The F-Series Visas in Korea

Category : Visa/Legal Issues/Tax
Nov 28, 2014

The F-series visas in Korea are a dream for many but sadly a reality for only a few. These visas are all long-term residency visas, and unlike most other visas they are not sponsored by a company or workplace. The benefits of them are great: you can live and work in Korea freely. You are not tied to a contract or job out of your own choice. If something goes wrong at your place of work, you don’t have to flee the country. You can quit and move on. An F-series visa also allows you to take some time off work, kick back and relax– that sounds nice, right? The major drawback is that these visas are tough to get. Korean immigration isn’t about to give long-term resident status to any old ‘Joe’ that strolls into the country. It’s coveted and precious. So if you’ve got one, lucky you, and if you don’t, read on to learn how it might be possible.


àNote: The information from this article is from research done in January, 2013. Immigration laws are constantly changing, and some immigration offices are more lenient while others are very strict. We aren’t the Korean encyclopedia (surprise!), so double check this information with your district immigration office before you apply for any visa.


The following is a list of the current F-series visas:

  1. F-1: Visiting or Joining Family (방문동거)
  2. F-2: Long-Term Resident  (거주)
  3. F-3: Accompanying Spouse (동반가족)
  4. F-4: Overseas Korean (재외동포)
  5. F-5: Permanent Foreign Resident (영주권)
  6. F-6: Foreign Spouse (국민의 배우자) (recently replaced the F-2-1 visa)


General Process

  1. For all F-series visas, you must visit Korean immigration in Korea. It is usually unnecessary to apply for these visas from your home country although there are a few exceptions.
  2. It takes about three months to process the F-2, F-5 and F-6 visas.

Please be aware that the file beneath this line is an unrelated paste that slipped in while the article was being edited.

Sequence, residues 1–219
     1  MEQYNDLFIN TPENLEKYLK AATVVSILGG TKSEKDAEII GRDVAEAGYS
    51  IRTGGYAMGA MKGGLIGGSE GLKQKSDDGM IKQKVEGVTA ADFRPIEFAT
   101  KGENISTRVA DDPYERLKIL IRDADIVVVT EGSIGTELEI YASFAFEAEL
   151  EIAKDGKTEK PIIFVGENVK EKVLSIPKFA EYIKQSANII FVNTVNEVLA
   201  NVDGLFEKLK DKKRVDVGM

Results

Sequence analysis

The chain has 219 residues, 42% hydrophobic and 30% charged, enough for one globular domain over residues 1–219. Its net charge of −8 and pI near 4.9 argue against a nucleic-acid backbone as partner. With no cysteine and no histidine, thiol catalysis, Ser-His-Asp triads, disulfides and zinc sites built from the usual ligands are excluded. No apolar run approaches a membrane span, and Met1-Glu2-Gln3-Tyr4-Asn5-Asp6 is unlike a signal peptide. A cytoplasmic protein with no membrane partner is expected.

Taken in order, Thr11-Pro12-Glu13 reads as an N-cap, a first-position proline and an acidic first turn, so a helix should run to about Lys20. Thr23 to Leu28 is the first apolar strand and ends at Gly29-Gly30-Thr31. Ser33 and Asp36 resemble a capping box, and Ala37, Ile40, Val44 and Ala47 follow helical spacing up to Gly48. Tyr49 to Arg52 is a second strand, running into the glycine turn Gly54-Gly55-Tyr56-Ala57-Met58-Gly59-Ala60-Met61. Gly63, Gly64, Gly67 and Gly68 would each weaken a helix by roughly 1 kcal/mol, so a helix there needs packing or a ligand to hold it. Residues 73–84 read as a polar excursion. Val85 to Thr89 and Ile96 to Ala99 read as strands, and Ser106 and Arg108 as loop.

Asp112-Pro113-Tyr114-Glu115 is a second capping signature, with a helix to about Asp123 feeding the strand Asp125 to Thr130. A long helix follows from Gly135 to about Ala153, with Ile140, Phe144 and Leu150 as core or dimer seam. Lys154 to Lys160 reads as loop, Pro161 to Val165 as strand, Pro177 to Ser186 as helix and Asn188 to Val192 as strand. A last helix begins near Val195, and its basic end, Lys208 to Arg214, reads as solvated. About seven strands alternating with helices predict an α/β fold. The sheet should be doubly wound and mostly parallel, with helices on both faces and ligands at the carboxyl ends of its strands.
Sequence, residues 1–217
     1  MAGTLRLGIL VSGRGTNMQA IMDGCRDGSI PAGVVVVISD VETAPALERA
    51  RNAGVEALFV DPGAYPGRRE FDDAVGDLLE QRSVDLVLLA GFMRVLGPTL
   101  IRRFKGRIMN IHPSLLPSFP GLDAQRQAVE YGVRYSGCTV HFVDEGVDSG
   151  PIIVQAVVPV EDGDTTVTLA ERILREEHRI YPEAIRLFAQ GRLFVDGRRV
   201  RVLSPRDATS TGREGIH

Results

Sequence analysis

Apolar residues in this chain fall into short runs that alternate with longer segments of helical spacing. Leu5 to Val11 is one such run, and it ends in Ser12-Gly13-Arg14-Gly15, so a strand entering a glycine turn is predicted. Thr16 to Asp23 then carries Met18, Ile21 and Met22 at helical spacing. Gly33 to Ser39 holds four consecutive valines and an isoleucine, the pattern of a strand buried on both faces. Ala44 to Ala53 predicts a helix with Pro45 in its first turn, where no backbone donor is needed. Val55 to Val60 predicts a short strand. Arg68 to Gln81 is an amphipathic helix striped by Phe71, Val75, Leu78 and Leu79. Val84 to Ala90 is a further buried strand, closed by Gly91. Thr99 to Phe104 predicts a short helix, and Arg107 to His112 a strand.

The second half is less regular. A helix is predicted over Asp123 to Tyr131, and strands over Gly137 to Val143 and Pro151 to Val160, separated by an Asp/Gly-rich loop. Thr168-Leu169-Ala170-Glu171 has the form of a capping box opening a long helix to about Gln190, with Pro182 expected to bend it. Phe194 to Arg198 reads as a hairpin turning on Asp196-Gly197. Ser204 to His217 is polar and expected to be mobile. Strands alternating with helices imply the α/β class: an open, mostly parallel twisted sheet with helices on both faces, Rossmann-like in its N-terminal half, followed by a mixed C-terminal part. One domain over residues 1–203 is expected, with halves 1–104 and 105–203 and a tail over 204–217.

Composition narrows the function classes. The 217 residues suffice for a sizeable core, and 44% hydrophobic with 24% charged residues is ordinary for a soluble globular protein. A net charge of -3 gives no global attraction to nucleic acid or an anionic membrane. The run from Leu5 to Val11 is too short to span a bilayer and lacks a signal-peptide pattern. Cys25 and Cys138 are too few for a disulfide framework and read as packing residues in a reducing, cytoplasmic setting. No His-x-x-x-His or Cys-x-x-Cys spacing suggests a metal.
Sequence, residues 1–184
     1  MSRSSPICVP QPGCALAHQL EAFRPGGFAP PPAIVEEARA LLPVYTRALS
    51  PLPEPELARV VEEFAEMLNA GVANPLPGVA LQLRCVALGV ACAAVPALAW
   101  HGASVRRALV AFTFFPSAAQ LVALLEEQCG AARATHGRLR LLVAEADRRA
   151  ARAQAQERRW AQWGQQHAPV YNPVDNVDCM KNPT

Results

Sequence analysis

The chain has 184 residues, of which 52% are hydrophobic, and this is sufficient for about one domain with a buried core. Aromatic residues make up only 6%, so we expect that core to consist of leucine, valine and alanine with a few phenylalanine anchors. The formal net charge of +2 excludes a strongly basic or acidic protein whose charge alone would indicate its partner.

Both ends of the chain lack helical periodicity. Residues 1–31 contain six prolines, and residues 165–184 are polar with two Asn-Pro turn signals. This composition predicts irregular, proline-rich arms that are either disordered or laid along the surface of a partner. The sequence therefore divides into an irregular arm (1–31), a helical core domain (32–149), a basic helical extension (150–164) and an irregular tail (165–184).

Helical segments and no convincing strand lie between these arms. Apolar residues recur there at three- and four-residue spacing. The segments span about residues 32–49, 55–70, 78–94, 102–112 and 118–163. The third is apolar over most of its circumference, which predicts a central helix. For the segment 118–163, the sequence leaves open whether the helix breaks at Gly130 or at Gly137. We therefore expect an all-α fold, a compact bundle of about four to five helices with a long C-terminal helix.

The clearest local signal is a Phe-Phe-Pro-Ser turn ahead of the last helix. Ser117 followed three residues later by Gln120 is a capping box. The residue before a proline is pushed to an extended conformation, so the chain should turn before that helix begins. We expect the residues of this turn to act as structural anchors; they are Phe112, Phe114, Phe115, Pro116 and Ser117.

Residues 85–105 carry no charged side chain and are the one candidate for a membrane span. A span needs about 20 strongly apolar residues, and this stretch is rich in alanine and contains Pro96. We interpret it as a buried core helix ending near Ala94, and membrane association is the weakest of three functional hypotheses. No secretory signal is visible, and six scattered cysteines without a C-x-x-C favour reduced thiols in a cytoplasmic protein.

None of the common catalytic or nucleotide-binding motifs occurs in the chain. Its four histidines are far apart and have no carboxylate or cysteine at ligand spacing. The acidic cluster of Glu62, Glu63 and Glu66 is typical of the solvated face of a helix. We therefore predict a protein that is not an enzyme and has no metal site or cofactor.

3. You may be required to supply additional information not listed here.
  4. When you arrive at Korean immigration, you need to purchase visa ‘stamps’ to continue. Do that first. The stamp office is usually located in a separate area or booth from the immigration counters.
  5. For any F-series application process, one copy is required for all passports, ARCs and any original documents needed (as listed below). Bring the originals plus the copies to the immigration bureau in your district.
  6. In the case of F-1, F-3 and F-4 visas, once you have arrived in Korea, you have 30 days to take your visa issuance number (issued by the Korean consulate in your home country) to the Korean immigration office to receive your alien registration card (ARC).


F-1 Visiting or Joining Family (방문동거)

The F-1 visa is for those living with people legally working in Korea. These holders are usually not employed in Korea. They may be employed by the person they are living with or they are being taken care (they are a minor) of by someone working here.


The F-1 visa process needs to be started in the home country prior to arriving in Korea. Documents need to be submitted to a Korean embassy/consulate abroad. From then, you will be given a visa issuance number which can be taken to the Korean immigration office in Korea. A proper F-1 visa card (ARC) will be issued at that point in Korea.


The validity period of the F-1 visa is between one and three years. It expires in conjunction with the person you are with who has a legal working visa. If you are staying with a Korean family, it is evaluated on a case-by-case basis.


F-2 Eligibility

  1. You are visiting relatives, or living with a family for an extended period of time.
  2. You are a Korean national with foreign citizenship and you are being given special permission to stay in the country (this is excluded from those who have F-4 status).
  3. You are a domestic employee for a diplomat or embassy personnel working in Korea.